HSBC has committed $1 billion to finance climate technologies including carbon dioxide removal globally, helping startups grow and scale their clean solutions. This aligns with the global financier’s pledge to bring its financed portfolio to 2050 net zero emissions.
This funding will support startups focusing on various ranges of climate tech solutions, including electric vehicle (EV) charging, battery storage, sustainable food and agriculture, and carbon removal technologies.
Unlocking Critical Finance for Climate Tech
The new investment follows two similar programs of HSBC aimed at advancing the cleantech space: HSBC Innovation Banking and HSBC Asset Management’s Climate Tech Venture Capital. The latter seeks to provide financial support to tech startups that address climate change across sectors like energy, transportation, and agriculture.
The UK-based universal bank and financial services group has also invested $100 million in Bill Gates’ Breakthrough Energy Catalyst Fund last year. This fund supports green projects worldwide.
Remarking on the $1B pledge, HSBC’s global commercial banking CEO Barry O’Byrne said:
“Access to finance is critical for early-stage climate tech companies to create and scale real world solutions… With HSBC’s global reach, in-house climate tech expertise, we can offer these pioneer companies unrivaled support.”
Study shows that venture capital (VC) funding for climate startups declined by 40% in the first half of 2023, HSBC noted.
Though it sounds depressing, zooming out to the bigger picture will put things into perspective. There is a total of $117B of venture funding raised by around 2,500 climate tech companies since 2020. The slower growth rate in quarterly results indicates a relative slowdown in overall industry growth. It does not suggest an all-out retreat.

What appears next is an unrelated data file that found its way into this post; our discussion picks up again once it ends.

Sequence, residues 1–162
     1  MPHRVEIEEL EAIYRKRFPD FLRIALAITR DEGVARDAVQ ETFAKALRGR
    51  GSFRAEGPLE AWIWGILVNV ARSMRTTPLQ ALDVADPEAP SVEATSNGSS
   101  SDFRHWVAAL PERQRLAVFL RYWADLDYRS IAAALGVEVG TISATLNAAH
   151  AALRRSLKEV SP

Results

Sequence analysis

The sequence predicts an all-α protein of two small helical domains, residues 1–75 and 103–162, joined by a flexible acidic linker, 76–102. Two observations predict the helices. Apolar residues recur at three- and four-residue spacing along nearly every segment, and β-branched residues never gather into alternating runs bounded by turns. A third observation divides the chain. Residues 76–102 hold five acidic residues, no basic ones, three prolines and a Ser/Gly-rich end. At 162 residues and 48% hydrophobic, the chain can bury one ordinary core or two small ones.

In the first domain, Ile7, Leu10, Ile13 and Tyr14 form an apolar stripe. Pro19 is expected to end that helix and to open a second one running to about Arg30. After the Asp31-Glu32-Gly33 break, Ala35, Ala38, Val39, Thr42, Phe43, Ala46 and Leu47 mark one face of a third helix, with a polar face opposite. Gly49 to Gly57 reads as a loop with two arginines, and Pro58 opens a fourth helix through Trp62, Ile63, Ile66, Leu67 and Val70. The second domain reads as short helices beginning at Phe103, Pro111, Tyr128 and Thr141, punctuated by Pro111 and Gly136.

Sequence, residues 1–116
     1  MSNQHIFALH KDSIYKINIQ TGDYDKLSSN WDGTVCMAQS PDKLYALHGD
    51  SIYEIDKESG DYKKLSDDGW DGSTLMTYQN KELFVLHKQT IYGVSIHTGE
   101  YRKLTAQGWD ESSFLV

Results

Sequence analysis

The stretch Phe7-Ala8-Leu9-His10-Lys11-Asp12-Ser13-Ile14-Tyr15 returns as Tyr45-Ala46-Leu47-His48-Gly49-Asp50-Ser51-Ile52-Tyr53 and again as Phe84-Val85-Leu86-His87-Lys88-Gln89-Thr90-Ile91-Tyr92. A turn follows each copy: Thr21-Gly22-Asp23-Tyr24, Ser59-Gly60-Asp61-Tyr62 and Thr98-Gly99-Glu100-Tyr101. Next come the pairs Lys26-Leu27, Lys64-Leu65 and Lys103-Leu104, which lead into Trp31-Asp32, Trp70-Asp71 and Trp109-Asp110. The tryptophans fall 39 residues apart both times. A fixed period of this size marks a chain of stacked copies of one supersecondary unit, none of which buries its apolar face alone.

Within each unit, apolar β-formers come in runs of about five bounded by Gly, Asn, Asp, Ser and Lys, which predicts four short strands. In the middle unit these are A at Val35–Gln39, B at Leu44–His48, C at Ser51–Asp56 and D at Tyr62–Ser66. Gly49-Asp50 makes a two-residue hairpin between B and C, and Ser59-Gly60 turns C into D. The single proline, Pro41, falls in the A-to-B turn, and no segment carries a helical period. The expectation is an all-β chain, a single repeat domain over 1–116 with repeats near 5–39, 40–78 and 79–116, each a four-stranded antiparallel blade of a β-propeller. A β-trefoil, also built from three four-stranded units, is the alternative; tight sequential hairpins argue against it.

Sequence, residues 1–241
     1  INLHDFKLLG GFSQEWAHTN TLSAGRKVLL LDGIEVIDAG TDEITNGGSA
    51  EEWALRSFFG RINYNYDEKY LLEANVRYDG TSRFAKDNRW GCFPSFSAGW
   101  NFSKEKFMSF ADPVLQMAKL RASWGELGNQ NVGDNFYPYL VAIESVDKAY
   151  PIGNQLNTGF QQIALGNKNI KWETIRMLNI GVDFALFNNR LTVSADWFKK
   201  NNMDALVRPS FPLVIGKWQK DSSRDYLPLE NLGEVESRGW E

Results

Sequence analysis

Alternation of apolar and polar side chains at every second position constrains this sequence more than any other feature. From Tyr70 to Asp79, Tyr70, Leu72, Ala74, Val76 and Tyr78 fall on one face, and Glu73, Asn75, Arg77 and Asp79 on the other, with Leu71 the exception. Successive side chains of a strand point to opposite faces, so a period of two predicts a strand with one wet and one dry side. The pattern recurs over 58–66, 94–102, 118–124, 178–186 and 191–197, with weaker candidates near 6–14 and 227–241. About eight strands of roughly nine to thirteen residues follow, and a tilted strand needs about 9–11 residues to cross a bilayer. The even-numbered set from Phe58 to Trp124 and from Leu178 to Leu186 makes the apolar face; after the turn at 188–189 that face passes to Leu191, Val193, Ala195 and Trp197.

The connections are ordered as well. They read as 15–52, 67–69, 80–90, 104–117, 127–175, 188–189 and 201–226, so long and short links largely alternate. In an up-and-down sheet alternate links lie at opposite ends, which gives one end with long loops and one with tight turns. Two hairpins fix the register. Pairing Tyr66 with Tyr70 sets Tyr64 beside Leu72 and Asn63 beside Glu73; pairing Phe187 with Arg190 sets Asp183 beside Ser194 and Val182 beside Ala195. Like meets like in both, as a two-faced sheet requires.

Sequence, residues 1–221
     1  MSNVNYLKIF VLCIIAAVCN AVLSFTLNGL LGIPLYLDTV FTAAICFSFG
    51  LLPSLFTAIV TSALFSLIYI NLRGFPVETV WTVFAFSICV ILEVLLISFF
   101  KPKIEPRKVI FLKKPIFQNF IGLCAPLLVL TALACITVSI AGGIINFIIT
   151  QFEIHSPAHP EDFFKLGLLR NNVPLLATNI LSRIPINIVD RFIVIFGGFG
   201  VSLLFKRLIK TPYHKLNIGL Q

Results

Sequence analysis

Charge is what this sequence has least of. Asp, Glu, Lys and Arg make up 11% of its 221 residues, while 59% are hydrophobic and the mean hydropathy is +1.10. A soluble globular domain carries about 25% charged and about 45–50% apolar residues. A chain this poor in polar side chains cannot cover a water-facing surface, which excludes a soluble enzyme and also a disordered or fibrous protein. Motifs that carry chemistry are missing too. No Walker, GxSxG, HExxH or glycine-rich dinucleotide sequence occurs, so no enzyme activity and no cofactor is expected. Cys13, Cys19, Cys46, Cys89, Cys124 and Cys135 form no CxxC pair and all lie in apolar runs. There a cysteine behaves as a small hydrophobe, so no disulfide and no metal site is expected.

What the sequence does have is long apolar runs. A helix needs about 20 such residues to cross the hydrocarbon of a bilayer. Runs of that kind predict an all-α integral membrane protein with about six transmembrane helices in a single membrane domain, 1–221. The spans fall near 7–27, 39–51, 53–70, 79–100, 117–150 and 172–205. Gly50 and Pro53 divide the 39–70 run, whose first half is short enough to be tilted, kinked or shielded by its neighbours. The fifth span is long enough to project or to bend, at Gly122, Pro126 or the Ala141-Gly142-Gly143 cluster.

It’s also worth noting that before this year’s dip in climate tech VC funding, it skyrocketed up to last year. According to HolonIQ, climate tech VC funding reached over $70 billion in 2022.
As the bridge to capital markets, VC investors are crucial in helping startups to develop, commercialize, and scale up. While there are various factors at play, supportive policies such as the EU Green Deal Industrial Plan and the U.S. Inflation Reduction Act help ramp up early-stage investments.
According to CTVC analysis, the most active climate tech investors by stage in 2022 are the following:
Key strategic investors, such as Microsoft, Aramco Ventures, and SK are frequently participating in Late-stage and Growth funding rounds.
Climate tech startups are in dire need of these investors, especially since the IEA estimated that about 50% of carbon reductions needed to reach 2050 net zero emissions depends on how fast their technologies develop at scale. HSBC’s climate tech VC initiative aims to fast-track the adoption of these crucial technologies.
HSBC’s Climate Action Efforts
Earlier this year, the universal bank also joined the World Bank’s Private Sector Investment Lab. It focuses on amplifying financing for renewable energy and infrastructure projects.
Last year, it also supported Hong Kong’s Exchanges and Clearing Ltd (HKEX) in developing a global carbon market. In the same year, the banking giant also declared that it would not support projects involving the development of new oil and gas fields.
All these efforts are geared towards HSBC’s commitment to the net zero transition. The bank aims to achieve net zero in operations and supply chain by 2030 and in the financing portfolio by 2050.
To meet these climate targets, HSBC aligns its financed emissions – emissions generated by customers and funded projects – to net zero. And the $1 billion pledge in climate tech startup funding will help make that happen.
HSBC’s financial support for climate tech startups reflects its commitment to tackling climate change. By supporting early-stage businesses and project financing, the bank contributes to developing innovative and clean tech solutions such as carbon removal.